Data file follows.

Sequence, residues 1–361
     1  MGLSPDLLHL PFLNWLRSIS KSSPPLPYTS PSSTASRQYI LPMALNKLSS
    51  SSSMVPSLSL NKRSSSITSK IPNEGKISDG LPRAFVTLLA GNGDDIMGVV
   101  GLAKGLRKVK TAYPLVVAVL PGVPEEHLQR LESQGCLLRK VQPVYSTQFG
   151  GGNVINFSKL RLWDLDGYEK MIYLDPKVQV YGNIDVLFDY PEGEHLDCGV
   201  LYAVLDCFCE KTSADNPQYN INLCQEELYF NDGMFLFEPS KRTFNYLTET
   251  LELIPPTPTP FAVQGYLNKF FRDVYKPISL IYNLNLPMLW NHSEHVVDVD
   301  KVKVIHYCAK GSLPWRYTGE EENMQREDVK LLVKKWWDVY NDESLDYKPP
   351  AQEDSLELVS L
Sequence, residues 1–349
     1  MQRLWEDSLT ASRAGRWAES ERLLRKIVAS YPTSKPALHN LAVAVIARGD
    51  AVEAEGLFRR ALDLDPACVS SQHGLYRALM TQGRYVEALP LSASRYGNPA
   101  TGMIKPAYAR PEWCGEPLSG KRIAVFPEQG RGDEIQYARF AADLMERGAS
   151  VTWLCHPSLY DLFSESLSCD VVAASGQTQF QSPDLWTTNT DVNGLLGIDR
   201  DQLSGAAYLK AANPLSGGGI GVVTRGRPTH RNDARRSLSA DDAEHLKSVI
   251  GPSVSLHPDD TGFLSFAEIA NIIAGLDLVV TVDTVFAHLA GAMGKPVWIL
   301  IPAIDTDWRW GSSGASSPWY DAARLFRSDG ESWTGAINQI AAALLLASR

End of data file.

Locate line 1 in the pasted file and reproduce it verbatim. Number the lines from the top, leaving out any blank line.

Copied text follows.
Sequence, residues 1–361